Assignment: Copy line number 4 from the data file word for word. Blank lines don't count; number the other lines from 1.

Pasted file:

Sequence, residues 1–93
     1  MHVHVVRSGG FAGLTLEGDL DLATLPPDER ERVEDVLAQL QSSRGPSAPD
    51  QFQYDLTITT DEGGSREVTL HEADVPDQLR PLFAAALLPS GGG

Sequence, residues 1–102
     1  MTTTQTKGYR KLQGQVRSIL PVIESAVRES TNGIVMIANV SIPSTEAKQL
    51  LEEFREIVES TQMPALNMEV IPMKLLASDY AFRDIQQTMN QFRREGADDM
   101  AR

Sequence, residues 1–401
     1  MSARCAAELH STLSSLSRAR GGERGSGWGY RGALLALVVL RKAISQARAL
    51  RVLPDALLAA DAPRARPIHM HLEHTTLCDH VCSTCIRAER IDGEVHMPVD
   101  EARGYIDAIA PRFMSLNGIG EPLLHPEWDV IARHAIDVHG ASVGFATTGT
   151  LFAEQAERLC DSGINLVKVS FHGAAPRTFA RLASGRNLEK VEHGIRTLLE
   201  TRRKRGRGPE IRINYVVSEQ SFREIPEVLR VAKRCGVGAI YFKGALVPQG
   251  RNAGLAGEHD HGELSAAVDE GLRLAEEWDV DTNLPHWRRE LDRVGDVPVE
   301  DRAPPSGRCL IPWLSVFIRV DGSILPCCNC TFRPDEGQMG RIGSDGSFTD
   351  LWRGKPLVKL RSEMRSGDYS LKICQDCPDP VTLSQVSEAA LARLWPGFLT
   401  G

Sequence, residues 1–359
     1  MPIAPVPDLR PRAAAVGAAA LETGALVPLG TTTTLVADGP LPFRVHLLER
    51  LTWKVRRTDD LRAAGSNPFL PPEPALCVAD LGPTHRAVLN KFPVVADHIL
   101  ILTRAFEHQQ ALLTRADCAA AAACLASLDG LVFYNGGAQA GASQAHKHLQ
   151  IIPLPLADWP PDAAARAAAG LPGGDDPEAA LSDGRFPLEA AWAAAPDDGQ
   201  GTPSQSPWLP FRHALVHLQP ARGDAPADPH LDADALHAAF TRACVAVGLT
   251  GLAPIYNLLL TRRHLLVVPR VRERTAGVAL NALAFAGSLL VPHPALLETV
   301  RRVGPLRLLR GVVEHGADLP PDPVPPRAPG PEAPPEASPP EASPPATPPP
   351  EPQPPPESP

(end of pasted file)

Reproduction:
Sequence, residues 1–102